The Anatomy of a Portable Patient Lift
If you’re caring for someone who needs maximum assistance to transfer, a Portable Patient lift will save you from back injury and also keep you patient safe. Both hydraulic models and battery powered models work, but if you are a solo caregiver, you will find a power model to be easiest on both of you. Let’s review the basics on the parts of a patient lift starting at the bottom.
The base is a “U” shaped frame, with caster wheels underneath. The legs of the “U” are straight out from the bottom of the “U” at 90 degrees when the lift is not being used, so the base is closed and easy to fit through doorways, so you can take it from room to room. There is a handle on the base that opens the legs outwards so that when you are lifting your patient you have a real sturdy base under them, and you can easily get the legs around furniture and wheelchairs to position the lift just right. Some models even have a power operated “open” button on the remote control instead of a handle. From the center of the base there is a vertical pole or mast that holds a few important parts of the lift, like the motor that does the lift and lower, the rechargeable battery pack and a largehandle that you as the caregiver use to steer the lift where you want it to go.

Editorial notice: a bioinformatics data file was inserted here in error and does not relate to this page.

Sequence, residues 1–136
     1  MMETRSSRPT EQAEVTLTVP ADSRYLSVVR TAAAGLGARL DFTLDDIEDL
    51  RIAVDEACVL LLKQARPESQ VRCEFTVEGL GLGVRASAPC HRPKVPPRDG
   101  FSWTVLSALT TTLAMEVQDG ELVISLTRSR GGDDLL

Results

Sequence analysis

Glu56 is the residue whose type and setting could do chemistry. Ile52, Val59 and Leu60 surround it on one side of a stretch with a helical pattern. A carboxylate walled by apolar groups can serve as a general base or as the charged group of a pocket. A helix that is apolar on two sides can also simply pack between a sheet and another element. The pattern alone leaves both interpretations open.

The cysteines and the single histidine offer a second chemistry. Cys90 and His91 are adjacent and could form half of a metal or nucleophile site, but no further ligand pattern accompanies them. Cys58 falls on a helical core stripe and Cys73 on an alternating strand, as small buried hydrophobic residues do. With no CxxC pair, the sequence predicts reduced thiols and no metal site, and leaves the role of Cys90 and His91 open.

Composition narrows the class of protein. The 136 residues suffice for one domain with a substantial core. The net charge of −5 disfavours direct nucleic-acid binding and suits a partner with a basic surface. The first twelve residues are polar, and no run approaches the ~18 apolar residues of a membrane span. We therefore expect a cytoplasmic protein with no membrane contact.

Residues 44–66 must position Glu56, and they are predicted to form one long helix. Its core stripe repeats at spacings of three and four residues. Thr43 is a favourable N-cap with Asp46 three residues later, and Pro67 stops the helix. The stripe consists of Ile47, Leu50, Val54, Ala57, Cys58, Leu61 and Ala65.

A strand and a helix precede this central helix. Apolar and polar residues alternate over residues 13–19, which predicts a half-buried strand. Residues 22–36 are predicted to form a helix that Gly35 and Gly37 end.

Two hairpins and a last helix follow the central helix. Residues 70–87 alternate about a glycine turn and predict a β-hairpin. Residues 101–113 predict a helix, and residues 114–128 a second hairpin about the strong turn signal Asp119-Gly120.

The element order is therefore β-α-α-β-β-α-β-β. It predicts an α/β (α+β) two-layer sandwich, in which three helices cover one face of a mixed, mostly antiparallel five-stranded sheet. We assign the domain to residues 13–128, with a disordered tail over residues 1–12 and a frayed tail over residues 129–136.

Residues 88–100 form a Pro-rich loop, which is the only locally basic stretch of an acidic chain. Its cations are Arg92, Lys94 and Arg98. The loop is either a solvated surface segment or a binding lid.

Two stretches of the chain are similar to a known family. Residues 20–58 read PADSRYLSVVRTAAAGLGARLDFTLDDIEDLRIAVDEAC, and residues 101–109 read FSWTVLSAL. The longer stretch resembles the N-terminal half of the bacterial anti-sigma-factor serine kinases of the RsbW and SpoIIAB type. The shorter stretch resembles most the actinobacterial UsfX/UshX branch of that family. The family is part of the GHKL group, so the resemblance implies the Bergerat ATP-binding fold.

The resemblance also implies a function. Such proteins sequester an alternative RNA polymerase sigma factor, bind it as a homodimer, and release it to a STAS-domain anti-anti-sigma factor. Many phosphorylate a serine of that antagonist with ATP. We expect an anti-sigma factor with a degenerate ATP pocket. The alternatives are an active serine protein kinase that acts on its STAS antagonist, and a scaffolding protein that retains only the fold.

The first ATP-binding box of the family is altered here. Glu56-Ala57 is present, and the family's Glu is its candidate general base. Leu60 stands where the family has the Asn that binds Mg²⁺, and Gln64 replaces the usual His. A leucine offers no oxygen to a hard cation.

Attached to the mast is the boom arm and that is the part of the lift that actually goes up and down to lift and lower the patient. The boom arms have different lifting ranges, so you’ll want to choose a lift that fits your particular needs. For instance, on some lifts the boom arm will lower down within 12 or 13 inches to the ground. They are perfect for lifting your patient up from the floor if that should be needed. Other lifts may have a really tall lift range- maybe 78 or 79 inches, which is useful if you need to get your patient up onto a high bed, or changing table. On the end of the boom arm is the cradle or sling bar which is where you attach the sling that you are using to hold your patient while lifting. You will notice some cradles may have just one or two hooks on each side, some may have more hooks to accommodate for special kinds of slings.
Most modern lifts use slings that attach with reinforced cloth straps rather than the older style chain attachments. We’ll review slings in a separate article. Our Spinlife Product Specialists are available to help you select the best patient lift for your situation. Give us a call at 1-800-850-0335.